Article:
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Who says crabs don't have personalities?
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16:57, March 13, 2008

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It's well-known that animals such as dogs, cats and humans have distinctly different personalities ... but crabs? Could be true, according to a new study.

The vast majority of investigations of animal personality focus on animals with backbones. Although there is no reason in theory why personalities should not also exist in creatures without backbones, "this is often assumed to be the case," said researcher Mark Briffa, a behavioral ecologist at the University of Plymouth in England.

Briffa had a conversation with a colleague at a Christmas party about animal personalities "and straight away realized hermit crabs would be really good for looking at this," he recalled.

Scientists have long experimented with how these crabs respond to being startled, to gauge how they behave in combat and other activities. Briffa reasoned that how crabs recover after startling could help measure boldness — how much risk each crab was willing to take.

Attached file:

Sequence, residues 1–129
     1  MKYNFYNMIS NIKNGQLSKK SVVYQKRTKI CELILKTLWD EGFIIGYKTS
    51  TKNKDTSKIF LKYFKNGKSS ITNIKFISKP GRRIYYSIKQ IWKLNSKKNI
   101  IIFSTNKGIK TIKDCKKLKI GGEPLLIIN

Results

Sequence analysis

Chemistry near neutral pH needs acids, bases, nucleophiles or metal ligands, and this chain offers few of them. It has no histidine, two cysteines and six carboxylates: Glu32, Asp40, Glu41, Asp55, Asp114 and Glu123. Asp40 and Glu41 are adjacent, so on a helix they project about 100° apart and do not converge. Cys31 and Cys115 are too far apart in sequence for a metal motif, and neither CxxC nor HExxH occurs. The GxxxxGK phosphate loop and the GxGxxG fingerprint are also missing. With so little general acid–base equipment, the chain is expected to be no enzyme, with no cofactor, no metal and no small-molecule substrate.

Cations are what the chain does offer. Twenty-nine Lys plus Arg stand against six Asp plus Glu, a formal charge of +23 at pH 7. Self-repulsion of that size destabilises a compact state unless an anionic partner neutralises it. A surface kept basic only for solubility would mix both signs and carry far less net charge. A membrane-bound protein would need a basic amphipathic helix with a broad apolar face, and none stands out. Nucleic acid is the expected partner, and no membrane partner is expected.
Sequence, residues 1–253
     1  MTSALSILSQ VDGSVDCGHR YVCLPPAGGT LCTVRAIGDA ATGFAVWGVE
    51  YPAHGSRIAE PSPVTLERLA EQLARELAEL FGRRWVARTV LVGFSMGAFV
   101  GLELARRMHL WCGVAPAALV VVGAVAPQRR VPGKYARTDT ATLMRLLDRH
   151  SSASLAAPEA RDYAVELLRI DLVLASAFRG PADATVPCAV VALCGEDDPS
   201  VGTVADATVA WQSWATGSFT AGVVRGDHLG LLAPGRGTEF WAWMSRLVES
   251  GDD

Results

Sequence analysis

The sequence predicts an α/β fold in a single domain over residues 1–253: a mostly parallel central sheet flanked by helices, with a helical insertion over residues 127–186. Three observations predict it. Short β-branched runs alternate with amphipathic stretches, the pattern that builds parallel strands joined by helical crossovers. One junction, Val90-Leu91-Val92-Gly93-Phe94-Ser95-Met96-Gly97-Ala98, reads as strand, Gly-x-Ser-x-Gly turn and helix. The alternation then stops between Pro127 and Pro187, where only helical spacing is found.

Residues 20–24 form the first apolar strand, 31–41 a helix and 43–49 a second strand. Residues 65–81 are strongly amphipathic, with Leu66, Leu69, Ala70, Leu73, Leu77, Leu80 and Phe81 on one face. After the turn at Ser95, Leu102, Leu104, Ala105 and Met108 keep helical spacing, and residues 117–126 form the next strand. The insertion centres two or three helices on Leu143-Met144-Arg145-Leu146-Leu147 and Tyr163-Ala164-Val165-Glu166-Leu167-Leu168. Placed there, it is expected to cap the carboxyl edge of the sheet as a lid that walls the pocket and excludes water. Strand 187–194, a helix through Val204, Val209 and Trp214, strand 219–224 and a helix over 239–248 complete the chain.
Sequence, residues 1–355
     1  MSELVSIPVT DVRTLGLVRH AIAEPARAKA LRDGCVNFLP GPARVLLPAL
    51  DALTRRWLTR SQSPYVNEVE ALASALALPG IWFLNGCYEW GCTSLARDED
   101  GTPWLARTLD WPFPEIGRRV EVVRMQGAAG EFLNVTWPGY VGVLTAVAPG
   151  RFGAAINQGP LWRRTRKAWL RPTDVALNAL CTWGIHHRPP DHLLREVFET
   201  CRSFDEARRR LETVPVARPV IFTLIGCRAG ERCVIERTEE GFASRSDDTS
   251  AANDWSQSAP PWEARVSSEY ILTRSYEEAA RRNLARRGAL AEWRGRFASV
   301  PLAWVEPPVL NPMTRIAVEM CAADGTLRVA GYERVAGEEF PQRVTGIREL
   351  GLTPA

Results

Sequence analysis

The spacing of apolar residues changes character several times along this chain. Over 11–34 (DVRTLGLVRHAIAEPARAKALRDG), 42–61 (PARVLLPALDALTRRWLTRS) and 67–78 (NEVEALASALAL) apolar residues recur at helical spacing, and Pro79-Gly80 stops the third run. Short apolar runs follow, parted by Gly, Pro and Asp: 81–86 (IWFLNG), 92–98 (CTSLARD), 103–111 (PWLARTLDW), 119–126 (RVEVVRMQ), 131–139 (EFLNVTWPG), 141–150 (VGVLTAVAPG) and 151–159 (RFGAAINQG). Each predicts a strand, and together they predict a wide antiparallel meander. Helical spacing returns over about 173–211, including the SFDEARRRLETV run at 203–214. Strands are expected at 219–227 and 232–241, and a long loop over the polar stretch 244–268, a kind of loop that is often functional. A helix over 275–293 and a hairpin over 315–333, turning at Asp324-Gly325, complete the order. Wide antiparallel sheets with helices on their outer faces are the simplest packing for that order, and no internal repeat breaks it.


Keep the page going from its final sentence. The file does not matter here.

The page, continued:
The researchers investigated the common European hermit crab (Pagurus bernhardus) for boldness. They flipped more than 100 hermit crabs upside down and recorded how long it took for each to emerge from the protective snail shells they had made their homes.

They found there was a significant pattern of individual consistency in behavior. Some crabs generally proved bold, while others were more timid.

"Now I think it's not surprising that invertebrates show personalities," Briffa told LiveScience. "A personality or consistent behavior is just one strategy to cope with a variable environment. There's no reason why such a strategy should evolve only in one small group of animals such as vertebrates."

He added that personalities might perhaps be found even in organisms with very simple nervous systems. "Maybe vertebrates or even humans aren't as special in this respect as people often assume," Briffa said.


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